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To be absolutely honest, I don't think anyone can help. We don't know anything at all about why Shakespeare wrote his plays, as we don't have any first-hand information from Shakespeare, from his patrons, or from his actors, about the circumstances of each of their composition.
All we've got is the plays - and you have to make your own judgement about what each play is trying to do and how successfully it does it.
Best I can do, I think is give you a few pointers about things to think about it in the play:
- The setting of the play in Renaissance Italy points to a fascination that Shakespeare and the Elizabethans seem to have had with Italy as a place of hot-blooded passion, fashionable clothes and attitudes, and young, heady people.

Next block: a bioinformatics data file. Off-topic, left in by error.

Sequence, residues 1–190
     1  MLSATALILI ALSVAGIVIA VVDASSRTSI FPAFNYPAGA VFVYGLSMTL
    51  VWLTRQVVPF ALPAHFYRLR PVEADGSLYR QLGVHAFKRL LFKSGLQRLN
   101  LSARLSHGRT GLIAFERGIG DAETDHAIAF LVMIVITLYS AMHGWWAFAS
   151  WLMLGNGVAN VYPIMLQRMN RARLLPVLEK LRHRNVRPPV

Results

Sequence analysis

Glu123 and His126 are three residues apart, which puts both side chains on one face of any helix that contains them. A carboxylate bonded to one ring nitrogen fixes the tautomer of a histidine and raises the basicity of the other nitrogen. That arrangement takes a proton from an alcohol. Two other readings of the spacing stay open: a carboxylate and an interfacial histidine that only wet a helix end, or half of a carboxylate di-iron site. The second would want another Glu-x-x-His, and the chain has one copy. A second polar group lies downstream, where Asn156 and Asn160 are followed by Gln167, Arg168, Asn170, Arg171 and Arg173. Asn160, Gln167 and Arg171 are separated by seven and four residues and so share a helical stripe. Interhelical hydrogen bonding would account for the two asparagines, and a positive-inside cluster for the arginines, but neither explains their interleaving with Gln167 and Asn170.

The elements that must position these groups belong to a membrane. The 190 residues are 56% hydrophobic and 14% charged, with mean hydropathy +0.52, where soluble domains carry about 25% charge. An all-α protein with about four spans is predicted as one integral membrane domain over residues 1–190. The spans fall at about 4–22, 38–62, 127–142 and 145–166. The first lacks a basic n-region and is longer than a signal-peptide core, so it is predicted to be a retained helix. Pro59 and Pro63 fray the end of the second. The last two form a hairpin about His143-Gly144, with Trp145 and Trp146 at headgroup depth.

- The play seems to start as a comedy, and only twists into tragedy on Mercutio's (accidental) death. The youthful high-jinks of the first scenes of "Romeo and Juliet" seem closer to "A Midsummer Night's Dream" in youthful high-jinks, rather than the ominousness of a "Macbeth" or a "King Lear". Is Shakespeare trying his hand at a different sort of tragedy?
- The play also relies on fate (their love is "death-mark'd") and chance for it to happen - look at the way Friar John cannot, randomly, deliver Romeo's letter to Mantua, which brings about the dual suicide of the final act. Is one of the objectives of the play perhap to ask the question - why do bad things happen? What is tragedy?
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